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What a Democrat-controlled House means for labor laws and the minimum wage

November 08
18:52 2018

The results of the midterm elections will likely bring more attention to key labor issues that would benefit workers, experts say, but passing legislation in a divided Congress will be difficult.

“In addition to greater levels of oversight, we believe it is likely that House Democrats will make labor and employment issues a key focus of their domestic agenda, and initiate legislative proposals on a number of hot-button labor and employment issues,” Paretti wrote.

However, that agenda may not gain much traction. While the House is now majority-Democrat for the first time in nearly a decade, the Republican Senate is likely to block many of their measures, Economic Policy Institute, the Washington, D.C. left-leaning think tank, said.

There is likely to be “minimal” immediate impact on workers from the midterm results, said Ric Edelman, co-founder of Virginia-based Edelman Financial Engines and author of “The Truth About Retirement Plans and IRAs.”

‘We’re going to see gridlock for two years and everybody will be positioning themselves for 2020.’

—Ric Edelman, author of ‘The Truth About Retirement Plans and IRAs.’

“It doesn’t matter what the Democrats want to do. They don’t control the Senate or the White House. You’re going to see a lot of bills being offered and they’re not going to go anywhere. We’re going to see gridlock for two years and everybody will be positioning themselves for 2020.”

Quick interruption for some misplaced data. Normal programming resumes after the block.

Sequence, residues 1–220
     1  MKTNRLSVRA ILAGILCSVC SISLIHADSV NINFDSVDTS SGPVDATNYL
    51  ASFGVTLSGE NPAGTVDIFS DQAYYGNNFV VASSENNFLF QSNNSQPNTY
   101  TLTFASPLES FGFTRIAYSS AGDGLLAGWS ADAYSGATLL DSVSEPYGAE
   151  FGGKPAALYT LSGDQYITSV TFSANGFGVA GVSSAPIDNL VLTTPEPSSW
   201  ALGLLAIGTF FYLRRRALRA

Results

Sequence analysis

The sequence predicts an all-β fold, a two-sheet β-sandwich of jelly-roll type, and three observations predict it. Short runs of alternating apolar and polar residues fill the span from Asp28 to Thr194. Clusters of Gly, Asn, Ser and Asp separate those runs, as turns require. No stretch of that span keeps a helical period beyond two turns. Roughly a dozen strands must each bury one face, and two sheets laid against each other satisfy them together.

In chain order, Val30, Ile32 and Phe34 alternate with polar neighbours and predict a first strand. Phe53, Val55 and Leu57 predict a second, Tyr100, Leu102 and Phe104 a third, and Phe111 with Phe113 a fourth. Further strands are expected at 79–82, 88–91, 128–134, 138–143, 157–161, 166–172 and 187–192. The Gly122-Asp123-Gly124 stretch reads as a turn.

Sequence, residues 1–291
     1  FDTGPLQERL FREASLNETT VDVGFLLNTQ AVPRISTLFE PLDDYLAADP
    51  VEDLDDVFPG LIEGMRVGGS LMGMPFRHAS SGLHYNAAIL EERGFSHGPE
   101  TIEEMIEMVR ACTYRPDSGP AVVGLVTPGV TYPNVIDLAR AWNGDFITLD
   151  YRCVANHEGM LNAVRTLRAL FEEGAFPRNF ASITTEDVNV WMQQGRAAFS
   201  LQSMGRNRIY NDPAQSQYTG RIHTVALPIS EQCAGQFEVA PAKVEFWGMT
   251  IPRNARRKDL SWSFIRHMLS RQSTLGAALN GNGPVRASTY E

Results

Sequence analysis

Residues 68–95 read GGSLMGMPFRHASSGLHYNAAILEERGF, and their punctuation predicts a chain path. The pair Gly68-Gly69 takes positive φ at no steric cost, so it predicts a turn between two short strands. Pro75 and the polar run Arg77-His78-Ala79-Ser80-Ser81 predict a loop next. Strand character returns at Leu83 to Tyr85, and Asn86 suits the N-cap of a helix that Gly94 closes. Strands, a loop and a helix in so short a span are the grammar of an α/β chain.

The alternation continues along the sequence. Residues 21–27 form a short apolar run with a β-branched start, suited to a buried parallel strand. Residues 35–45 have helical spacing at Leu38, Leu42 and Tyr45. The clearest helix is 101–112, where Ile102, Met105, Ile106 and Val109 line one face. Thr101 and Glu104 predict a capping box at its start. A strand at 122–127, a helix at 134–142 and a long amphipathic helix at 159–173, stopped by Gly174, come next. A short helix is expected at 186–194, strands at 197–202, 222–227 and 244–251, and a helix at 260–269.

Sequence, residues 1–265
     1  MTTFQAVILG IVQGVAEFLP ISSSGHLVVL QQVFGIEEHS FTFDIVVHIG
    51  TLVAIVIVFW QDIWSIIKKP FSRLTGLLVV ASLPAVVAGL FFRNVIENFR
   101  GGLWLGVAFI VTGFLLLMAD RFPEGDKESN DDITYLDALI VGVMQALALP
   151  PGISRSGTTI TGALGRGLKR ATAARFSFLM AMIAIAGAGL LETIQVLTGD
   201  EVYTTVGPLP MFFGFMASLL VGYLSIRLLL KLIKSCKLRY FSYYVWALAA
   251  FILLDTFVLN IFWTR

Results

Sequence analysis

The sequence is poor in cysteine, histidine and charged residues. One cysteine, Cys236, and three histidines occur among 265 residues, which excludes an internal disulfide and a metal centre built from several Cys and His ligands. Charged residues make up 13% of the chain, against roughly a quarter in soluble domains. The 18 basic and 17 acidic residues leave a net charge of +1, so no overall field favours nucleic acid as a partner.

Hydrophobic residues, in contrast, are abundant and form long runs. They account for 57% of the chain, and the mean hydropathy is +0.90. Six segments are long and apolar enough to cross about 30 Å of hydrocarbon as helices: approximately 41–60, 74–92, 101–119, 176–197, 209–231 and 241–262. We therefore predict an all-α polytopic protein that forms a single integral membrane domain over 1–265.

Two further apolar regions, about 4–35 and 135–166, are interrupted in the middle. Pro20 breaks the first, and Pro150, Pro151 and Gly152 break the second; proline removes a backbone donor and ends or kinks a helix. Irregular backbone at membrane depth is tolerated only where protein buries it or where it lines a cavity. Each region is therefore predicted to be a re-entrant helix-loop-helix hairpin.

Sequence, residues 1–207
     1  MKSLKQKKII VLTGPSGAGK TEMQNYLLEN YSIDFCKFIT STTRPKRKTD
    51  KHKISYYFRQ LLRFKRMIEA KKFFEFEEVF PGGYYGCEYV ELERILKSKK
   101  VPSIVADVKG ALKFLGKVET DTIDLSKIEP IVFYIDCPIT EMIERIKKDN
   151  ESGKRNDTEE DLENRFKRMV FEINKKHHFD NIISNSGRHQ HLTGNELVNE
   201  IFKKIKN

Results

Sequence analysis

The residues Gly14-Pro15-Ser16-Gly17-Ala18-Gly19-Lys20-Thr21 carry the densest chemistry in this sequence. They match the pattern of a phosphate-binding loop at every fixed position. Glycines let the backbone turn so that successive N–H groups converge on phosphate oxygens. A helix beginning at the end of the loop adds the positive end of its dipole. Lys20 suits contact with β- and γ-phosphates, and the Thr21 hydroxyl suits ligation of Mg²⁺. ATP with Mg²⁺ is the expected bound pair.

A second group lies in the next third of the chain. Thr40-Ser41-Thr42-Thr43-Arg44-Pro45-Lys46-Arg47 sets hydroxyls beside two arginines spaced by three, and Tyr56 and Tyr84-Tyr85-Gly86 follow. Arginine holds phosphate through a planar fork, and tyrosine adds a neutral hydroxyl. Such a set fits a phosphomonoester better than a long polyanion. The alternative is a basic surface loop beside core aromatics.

There has already been some victories for workers. The minimum wage will go up in Arkansas and Missouri following the passage of ballot initiatives there. After Democrats won a majority in the House, workers can expect a number of laws on the agenda meant to benefit them, labor relations attorney James Paretti, a partner at Washington, D.C. firm Littler Mendelson, wrote in a post-election analysis.

This includes worker-friendly issues like increased overtime pay, promoting workplace unionization, and banning compulsory arbitration of sexual harassment cases.

Democrats have plans to take on many labor issues once the new Congressional session begins in January. On Sept. 9, 2018, Democratic House Representatives Mark DeSaulnier of California, Mark Pocan of Wisconsin, Donald Norcross of New Jersey and Debbie Dingell of Michigan released “The Future of Work: Findings and Policy Recommendations,” a report outlining legislative priorities for labor.

Here are some of the issues that Democrats plan to push:

Compulsory arbitration on the chopping block

Compulsory arbitration came into focus during the #MeToo women’s rights movement in the past year. Under compulsory arbitration, employees must settle claims against management confidentially and out of court.

Critics say companies can use these measures to bury accusations and keep repeat offenders employed.

“This means that a worker who is not paid fairly, discriminated against, or sexually harassed, is forced into a process that overwhelmingly favors the employer — and forced to manage this process alone, even though these issues are rarely confined to one single worker,” the Economic Policy Institute said.

Many employees agree to compulsory arbitration as a terms of employment when they first sign contracts to start a new job. Paretti said he expects Democratic lawmakers to make efforts to limit or ban this practice completely.

Employees could gain more rights to overtime pay

Currently, the level set for “white-collar overtime exemption” is at $ 455 per week, or $ 23,660 a year — meaning employees who make more than that can’t collect overtime pay for working more than the federal standard of 40 hours per week.